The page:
Egypt: Screening of the draft Constitution under a human rights perspective
|Publisher||International Federation for Human Rights|
|Publication Date||22 December 2013|
|Cite as||International Federation for Human Rights, Egypt: Screening of the draft Constitution under a human rights perspective, 22 December 2013, available at: http://www.refworld.org/docid/52de4d7cb.html [accessed 13 December 2017]|
Last Update 22 December 2013
On 14 January 2014, the Egyptian people will be called to adopt by referendum a new constitution drafted by a committee of 50 public personalities established by the interim President after Mohamed Morsi was deposed by the army in July 2013.
FIDH welcomes any initiative in the direction of a democratic transition, three years after the popular uprising driven by demands for freedom, dignity and social justice. FIDH is pleased that the new draft constitution dedicates its longest chapter to human rights and fundamental freedoms, including economic and social rights to housing and education, and the need to combat the corruption that had poisoned the system established under the previous regime.
The Constitution refers to Egypt's international obligations arising from human rights treaties and conventions that it has ratified. Accordingly, national legislation should be amended to be in line with international human rights standards.
The Constitution also enshrines the prohibition of torture in all its forms, though it fails to give a comprehensive definition: an explicit reference to the Convention against Torture would have given a strong signal of genuine willingness to reform the Egyptian Penal Code so as to put an end to all acts of torture, which is still systematically practised by the security services.
Furthermore, the text overcomes some of the setbacks of the 2012 constitution and clearly affirms the principle of equality between men and women, as well as the principle of non-discrimination between citizens (according to race, religion, social class).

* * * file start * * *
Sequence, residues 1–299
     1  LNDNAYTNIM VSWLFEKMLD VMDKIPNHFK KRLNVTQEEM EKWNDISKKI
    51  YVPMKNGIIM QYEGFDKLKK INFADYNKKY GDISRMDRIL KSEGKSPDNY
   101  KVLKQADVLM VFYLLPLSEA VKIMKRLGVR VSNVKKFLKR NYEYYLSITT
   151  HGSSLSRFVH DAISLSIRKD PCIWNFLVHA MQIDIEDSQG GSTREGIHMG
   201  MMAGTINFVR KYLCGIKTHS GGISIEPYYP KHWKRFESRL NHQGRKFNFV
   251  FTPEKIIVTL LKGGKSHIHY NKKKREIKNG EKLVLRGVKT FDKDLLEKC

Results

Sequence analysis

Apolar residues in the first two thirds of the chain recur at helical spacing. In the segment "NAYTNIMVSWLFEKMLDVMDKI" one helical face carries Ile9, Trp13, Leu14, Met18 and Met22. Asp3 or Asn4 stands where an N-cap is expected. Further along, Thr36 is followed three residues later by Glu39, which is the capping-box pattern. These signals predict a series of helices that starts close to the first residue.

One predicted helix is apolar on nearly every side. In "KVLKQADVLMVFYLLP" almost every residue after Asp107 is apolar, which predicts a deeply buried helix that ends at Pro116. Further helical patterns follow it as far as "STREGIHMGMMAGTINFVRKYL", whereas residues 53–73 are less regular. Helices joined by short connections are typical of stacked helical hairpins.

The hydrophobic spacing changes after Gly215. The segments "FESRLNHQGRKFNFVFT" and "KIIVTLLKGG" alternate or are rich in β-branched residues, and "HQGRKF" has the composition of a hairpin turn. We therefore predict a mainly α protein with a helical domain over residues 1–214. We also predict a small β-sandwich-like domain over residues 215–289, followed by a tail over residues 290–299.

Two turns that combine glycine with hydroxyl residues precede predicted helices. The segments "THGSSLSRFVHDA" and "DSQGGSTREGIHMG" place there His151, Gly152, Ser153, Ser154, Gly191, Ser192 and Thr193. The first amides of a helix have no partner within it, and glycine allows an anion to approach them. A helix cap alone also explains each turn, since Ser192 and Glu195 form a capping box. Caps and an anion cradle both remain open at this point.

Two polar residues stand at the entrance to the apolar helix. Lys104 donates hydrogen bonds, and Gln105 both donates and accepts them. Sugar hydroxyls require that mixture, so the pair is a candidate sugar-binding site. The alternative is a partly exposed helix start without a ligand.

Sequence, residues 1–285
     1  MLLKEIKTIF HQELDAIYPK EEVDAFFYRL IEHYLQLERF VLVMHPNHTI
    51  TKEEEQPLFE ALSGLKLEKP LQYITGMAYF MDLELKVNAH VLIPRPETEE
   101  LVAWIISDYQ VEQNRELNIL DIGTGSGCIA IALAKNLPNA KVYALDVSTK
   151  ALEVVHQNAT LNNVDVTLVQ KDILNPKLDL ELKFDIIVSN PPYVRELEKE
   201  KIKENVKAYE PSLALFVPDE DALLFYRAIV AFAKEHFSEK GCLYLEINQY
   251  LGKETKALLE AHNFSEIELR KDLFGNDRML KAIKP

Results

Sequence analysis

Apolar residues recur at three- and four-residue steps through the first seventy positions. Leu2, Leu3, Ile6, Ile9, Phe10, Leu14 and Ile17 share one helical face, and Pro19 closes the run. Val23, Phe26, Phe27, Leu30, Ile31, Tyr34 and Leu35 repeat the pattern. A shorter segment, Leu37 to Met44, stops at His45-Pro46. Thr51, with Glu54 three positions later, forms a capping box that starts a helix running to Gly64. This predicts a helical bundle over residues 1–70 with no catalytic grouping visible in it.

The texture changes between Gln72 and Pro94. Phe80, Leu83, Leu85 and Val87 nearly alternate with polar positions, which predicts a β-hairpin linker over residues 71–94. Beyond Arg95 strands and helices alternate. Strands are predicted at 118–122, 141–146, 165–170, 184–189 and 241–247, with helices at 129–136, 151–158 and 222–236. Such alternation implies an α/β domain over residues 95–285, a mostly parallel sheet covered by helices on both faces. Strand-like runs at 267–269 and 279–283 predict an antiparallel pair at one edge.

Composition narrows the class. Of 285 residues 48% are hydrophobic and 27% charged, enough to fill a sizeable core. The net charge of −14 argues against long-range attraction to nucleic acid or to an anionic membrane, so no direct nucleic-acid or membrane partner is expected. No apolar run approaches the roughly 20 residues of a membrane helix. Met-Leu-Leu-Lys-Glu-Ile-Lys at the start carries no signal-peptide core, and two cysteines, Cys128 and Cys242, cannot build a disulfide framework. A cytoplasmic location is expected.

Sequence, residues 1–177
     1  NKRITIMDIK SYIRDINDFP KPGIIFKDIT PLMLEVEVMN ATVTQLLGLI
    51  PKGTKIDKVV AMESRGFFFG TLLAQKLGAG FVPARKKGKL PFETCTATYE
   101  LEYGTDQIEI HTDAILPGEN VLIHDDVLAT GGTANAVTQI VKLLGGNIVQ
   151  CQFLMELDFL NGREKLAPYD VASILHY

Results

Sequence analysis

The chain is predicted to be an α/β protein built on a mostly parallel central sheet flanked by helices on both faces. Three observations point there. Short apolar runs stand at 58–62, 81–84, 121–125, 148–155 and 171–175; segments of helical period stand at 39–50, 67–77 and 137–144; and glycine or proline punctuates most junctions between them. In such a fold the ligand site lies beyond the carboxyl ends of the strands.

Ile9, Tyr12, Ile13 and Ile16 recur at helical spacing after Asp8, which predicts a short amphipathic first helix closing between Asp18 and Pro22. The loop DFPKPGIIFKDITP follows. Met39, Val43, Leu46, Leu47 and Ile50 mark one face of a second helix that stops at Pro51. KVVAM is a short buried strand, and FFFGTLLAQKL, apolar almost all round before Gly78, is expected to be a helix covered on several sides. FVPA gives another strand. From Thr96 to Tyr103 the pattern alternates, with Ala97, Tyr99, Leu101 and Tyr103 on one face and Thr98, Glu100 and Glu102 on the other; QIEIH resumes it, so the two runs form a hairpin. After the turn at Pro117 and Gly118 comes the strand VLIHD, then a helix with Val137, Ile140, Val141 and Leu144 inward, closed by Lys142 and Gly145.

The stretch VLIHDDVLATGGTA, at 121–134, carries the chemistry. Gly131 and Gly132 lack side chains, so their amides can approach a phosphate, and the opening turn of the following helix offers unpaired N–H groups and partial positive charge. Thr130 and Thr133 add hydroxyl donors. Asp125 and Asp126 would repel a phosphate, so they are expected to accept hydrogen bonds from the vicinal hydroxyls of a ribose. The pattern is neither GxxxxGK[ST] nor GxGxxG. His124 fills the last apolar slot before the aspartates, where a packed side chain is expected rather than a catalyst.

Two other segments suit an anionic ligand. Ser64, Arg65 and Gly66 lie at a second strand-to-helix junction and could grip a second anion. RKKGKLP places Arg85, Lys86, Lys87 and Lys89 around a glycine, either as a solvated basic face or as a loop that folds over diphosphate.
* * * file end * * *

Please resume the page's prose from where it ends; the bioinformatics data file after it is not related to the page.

However, although this constitution refers to the transfer of power to representatives of the people, a continuing lack of clarity regarding transition to "civilian government" may result in too many prerogatives remaining in the hands of the President and the army, ending up with the election of a "non-civilian" president.
Moreover, the enumeration of rights and freedoms in the constitution does not suffice to ensure the democratic functioning of the state. In this regard, FIDH is concerned by the fact that the effective implementation of most of the rights and freedoms in the text will be affected by law, when it is known for a fact that current Egyptian legislation is predominantly restrictive and may eventually limit the rights that the constitution is supposed to guarantee, unless major legislative reform is undertaken without delay.
"Some of these rights were already enshrined in previous constitutions, and yet they were systematically violated. As such, the constitution alone is insufficient to guarantee their protection", stated Karim Lahidji, FIDH President. "In the absence of a comprehensive reform plan, these rights will remain words on paper, as there are no mechanisms for the protection of fundamental freedoms, security sector reform, or reform of the judiciary".
FIDH recalls the indispensable "watchdog" and monitoring role that civil society, particularly human rights NGOs, must continue to play in this sensitive period. FIDH renews its support of these organisations, and encourages them to set up a working group composed of representatives of national authorities and independent civil society organisations as well as international experts on the harmonisation of national laws with the human rights provisions of the Constitution and the international conventions ratified by Egypt.
Finally, FIDH deeply regrets that the constitutional committee has maintained unacceptable provisions on the possibility of referring civilians to military courts and has failed to include any reference to the right to life, enshrined in the Universal Declaration of Human Rights, and thus the necessity of the eventual abolition of the death penalty.
Read the full FIDH analysis of the draft Constitution under a human rights perspective below: